Inspect offer transaction

I want to inspect offer transaction, but after taken the offer, I cannot find the transaction directly.

If I find the latest transaction id from wallet get_transactions and get detail via wallet get_transaction -v -tx command, I would see an empty spend_bundle. That’s weird.

Is there anyway to display spendbundles of offer transaction?

Right now we use a bit of a hack to push the transaction where we create a dummy transaction to a non existent wallet ID for the purposes of pushing the transaction. This is hacky and should probably be changed. chia-blockchain/trade_manager.py at 231ef6faf20fba7463831a5015edee649a1d5d49 · Chia-Network/chia-blockchain · GitHub

This does interestingly lead to the fact that you can search for records with wallet ID 0 to see your pushed taken offers but I wouldn’t rely on that because like I said, we shouldn’t be doing that probably.

However, if you look at trade records rather than transaction records, they all contain the compressed offer blob on them (as long as you specify file_contents: true on the RPC). You can use this compressed offer blob and some of the Offer driver code located here: chia-blockchain/offer.py at main · Chia-Network/chia-blockchain · GitHub to inspect the spendbundle:

Offer.from_bech32(<bech32 blob>).to_valid_spend()

Keep in mind to_valid_spend() will only work if the offer is perfectly symmetrical (no arbitrage) and if the offer can be pushed to the network in the current state. If you’re looking at proposed offers, they are not yet valid spends so this method will throw an error on them. You can use the similarly named to_spend_bundle() method to see how we serialize offers as invalid spend bundles before we compress and encode them.

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Your answer really pushed me further a lot. I’m able to use to_spend_bundle() to deserialize the offer file and find some interesting clues there.
However, I didn’t find a way to successfully execute to_valid_spend(), as I cannot fabricate the second offer file to make the offer perfectly symmetrical(didn’t find a way to mix them).

I tried to find the generated coin and their parents for clues, here is my understanding of Offer:

  1. One raise offer file by utilizing settlement_payments.clvm to send coin to one virtual address(which coin has no parent) and with conditions(like ASSERT_COIN_ANNOUNCEMENT and ASSERT_PUZZLE_ANNOUNCEMENT)
  2. The opponent could accept the offer by virtually providing another symmetrical offer.
  3. All above signed by their owner before distribute, as BLS support aggregate, simply bring together all these coins(conditions) and aggregate the signature.
  4. Send this final spendbundle to blockchain, all

A trivial question always puzzle me: how these coins (which send to virtual addresses) have been redirect to the receiver’s addresses?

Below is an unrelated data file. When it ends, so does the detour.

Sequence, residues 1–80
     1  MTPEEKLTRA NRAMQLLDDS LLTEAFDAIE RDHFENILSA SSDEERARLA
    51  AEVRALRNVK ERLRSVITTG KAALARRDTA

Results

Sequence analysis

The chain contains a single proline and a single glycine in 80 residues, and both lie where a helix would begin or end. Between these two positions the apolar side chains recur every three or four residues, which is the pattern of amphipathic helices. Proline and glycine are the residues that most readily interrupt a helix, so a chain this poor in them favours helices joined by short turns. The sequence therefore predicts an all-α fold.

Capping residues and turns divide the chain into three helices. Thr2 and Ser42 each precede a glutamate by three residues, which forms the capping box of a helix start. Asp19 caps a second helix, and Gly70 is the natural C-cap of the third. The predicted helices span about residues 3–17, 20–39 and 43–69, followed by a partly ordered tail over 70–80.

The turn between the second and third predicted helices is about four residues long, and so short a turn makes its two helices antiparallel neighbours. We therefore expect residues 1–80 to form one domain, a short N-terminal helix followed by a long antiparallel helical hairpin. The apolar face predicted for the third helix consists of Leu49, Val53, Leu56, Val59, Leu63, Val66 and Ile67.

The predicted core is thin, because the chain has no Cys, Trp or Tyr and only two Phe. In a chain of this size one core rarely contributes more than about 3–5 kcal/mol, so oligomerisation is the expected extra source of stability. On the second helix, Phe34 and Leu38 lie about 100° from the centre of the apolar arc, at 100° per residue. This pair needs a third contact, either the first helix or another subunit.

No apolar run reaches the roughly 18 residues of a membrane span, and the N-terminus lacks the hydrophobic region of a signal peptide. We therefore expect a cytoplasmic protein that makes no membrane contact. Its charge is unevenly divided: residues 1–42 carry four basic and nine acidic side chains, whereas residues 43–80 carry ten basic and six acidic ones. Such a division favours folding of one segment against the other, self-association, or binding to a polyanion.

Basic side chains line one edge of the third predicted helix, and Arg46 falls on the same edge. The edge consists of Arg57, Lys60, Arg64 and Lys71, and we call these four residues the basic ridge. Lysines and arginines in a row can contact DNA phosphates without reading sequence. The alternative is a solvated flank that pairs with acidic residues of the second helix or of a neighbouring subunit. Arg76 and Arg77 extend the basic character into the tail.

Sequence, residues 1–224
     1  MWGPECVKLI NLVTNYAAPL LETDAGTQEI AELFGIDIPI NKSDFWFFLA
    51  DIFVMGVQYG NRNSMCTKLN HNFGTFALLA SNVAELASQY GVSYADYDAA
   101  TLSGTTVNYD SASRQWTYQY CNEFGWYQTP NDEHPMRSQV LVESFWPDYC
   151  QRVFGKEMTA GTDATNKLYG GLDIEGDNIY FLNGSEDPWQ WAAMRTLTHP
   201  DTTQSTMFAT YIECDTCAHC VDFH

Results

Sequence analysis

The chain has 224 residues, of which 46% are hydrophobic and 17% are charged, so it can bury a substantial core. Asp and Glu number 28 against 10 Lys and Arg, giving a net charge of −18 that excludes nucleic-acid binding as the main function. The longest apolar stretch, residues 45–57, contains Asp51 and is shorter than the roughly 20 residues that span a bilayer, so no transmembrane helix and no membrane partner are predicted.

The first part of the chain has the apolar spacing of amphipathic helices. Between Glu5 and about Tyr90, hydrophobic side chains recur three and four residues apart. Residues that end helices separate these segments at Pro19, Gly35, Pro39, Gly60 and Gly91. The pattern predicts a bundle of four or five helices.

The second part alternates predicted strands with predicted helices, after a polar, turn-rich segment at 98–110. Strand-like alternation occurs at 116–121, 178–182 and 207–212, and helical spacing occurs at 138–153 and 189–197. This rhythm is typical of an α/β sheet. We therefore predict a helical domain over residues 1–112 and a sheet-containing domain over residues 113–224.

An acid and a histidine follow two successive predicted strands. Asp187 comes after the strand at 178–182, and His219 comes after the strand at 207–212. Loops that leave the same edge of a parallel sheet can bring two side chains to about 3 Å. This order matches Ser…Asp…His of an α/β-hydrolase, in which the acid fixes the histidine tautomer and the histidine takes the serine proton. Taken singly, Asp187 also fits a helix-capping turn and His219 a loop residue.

You can execute to_valid_spend for an asymmetrical offer if you provide a puzzle hash for the arbitrage to go to. But it does need to be a fully valid offer (all parties are satisfied)

Your understanding is not quite correct, offers are actually based on a very simple premise. An offer is mostly just a signed transaction sending all of the coins you want to offer to settlement_payments.clvm. This puzzle allows anyone to spend the money to wherever they want BUT it is going to announce where it is sending the money. This may seem like a terrible transaction to sign if you only know that much because someone could just come and take all of your money and give you nothing. So how do we secure it?

We use a trick similar to what we do with singleton launchers, we assert an announcement as part of completing this transaction we have signed. The announcement we assert is from a hypothetical settlement_payments.clvm puzzle that pays us exactly what we are requesting. This is how we secure our offer. Anyone can spend our money wherever they want, but only if they pay us what we want.

This is the fundamental idea behind an offer. When you are looking at the spend bundle that the offer file decodes to, you’ll notice a spend or spends that look fake because they have a fake-looking parent ID. Those spends are really just an encoding of the coins we are requesting. The puzzle gives the information about the type of asset we are requesting, and the solution gives information about the payments we would like to receive. We could potentially just as easily encode some JSON in our offer file like so:

{
  "requesting": [
    "spacebucks": 100,
    "marmot": 5,
  ]
}

But we encode it as a coin spend so that our offer file remain a spend bundle and therefore can be passed through a lot of the functionality that works for spend bundles already.

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Thanks for your detail answers, really helped a lot. However, I still have doubts.
As following, I constructed a sample, which XCH is exchanged with CAT.

The calculated assertation relationship as:

62-63: d625-db44
62-63: 0d47-acc4

60-61: 622b-0424
60-61: 462c-094b

I ignored 50/51 as they are standard parts we already familiar with.

I can easily understand the interlock mechanism for securing the transactions which required happen together.

My question is: How the amount be secured? (In my understanding, 62/63 assert the puzzle_hash which doesn’t contain amount information)

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They assert an announcement from the settlement payments puzhash. Remember I said that the settlement payments puzzle just creates coins and announces what coins it’s creating. When an offer is asserting that it is being paid, it asserts that the settlement payments puzzle announces the coins it wants including puzzle hash and amount.

A lot of this is hidden behind hashing, but that’s the basic idea.

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